As Drag Machine's Shirley Delta Blow, actor Stuart Sanks tells drag's vibrant history
|Meghan Anderson Doyle|
Yeah. The first, fully produced season of Off-Center was last season. They had heard of me through some friends at the Denver Center for Performing Arts, and they asked me to be the emcee -- or be the hostess, if you will -- for the season announcement party. That's where our relationship began.
The season announcement party (involved) these live trailers -- they did a little piece of each one of the shows that you were going to see in the Jones's upcoming season, to build some buzz and get people familiar with the style. It's different -- it's not your standard theater fare, it's not your standard open mike. There is something different about it.
In the course of that first season, I appeared in a video for Cult Following. I was also a celebrity judge for Square of Ice, their Johnny Cash send-up -- you know, "Ring of Fire," "Square of Ice" -- (involving) a Johnny Cash cover band performance. People could take a Johnny Cash song and perform it in any style that they wanted.
I got what they did, they liked what I did -- so both Charlie (Miller, co-curator at The Jones) and Emily came to me and were like, this is what we need to do: We want to produce the ultimate drag show. We want you to write it, create it, brainstorm it, and we'll all make it happen.
I've only been to one show at the Jones, Date*, but it was great. I think the theater's programming serves as a good point of entry for "non-theater" people, or those unfamiliar with it.
Yeah -- exactly. It also (brings people) down to the Denver Center. The Denver Center Theatre Company has won the Tony for "Outstanding Regional Theater Company" and the Ellie Caulkins is this state-of-the-art opera house where the opera and the ballet perform. And there's the Colorado Symphony Orchestra and the Buell that hosts massive touring productions.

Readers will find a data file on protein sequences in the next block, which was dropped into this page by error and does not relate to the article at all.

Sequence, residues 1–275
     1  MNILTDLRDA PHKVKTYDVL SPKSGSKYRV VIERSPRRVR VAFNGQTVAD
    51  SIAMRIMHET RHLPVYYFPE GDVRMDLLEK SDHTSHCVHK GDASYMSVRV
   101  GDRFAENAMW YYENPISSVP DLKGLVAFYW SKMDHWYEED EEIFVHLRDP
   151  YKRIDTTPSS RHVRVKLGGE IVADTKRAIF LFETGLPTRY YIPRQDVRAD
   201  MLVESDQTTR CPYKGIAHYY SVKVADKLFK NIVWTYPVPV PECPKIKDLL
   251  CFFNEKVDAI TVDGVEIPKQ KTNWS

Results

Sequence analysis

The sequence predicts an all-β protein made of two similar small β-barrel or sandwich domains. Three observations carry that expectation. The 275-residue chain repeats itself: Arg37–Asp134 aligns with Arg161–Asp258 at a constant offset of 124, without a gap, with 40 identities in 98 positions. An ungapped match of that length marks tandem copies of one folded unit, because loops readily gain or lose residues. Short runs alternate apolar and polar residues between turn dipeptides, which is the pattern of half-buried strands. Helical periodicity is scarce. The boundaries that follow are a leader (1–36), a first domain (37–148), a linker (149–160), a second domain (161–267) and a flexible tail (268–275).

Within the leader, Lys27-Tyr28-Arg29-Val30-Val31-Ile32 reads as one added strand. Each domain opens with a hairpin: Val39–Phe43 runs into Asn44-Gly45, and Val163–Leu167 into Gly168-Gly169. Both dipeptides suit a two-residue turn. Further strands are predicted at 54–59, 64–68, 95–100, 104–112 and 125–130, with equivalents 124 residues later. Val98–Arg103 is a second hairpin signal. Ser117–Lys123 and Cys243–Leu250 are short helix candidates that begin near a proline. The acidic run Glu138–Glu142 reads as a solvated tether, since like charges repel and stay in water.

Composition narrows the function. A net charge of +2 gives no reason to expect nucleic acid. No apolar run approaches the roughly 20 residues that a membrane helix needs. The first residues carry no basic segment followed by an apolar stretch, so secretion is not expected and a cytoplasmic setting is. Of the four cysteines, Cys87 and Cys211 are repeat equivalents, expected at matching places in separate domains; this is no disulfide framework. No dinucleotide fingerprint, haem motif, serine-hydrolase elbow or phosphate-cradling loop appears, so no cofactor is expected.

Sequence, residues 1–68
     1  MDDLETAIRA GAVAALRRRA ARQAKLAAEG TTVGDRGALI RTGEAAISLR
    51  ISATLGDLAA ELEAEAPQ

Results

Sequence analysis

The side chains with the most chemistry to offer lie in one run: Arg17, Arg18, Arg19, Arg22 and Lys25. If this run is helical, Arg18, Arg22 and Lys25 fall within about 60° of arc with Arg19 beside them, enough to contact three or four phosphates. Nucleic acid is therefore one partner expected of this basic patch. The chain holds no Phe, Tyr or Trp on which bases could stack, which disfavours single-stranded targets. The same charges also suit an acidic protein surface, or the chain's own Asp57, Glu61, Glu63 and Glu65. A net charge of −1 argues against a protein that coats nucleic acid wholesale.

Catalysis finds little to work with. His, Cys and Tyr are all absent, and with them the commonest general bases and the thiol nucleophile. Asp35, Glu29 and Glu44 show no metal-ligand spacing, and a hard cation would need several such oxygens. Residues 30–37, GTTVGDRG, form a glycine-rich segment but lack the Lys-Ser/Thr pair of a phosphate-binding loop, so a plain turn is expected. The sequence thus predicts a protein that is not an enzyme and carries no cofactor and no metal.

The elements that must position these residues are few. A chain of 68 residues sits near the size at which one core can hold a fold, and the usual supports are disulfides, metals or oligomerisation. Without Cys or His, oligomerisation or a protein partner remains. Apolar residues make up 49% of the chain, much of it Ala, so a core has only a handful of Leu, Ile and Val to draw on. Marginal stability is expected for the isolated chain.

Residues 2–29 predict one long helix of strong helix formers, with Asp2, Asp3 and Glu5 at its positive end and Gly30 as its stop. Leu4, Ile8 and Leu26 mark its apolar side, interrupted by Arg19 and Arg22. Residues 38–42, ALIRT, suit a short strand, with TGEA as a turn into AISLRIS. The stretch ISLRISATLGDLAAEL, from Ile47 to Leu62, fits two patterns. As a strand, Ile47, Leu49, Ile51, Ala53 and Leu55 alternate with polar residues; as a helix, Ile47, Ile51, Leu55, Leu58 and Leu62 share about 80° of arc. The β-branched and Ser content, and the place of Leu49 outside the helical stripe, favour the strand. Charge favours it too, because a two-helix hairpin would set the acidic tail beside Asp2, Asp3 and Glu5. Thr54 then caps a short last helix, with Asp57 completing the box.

Those have very specific -- I don't want to say rules about them -- but they have their form. You go to a ballet, you're going to see some dancing. You go to the opera, you're going to see people marching around and singing in Italian. I don't want to say it is expected, but people kind of know what those things are. A lot of times, that can limit the audience.
What is interesting is, you went to see Date*, and Date* was like, the least Off-Center show of any of them. It was a pretty traditional play. But with Off-Center, it is collaborative; it is a lot of local artists and new voices. It is giving people a chance to be produced and seen that may not have the resources of the opportunity. Some resources -- the design element, the costumes, lights, sounds, setting -- are pulled from the Denver Center. But it makes something unique.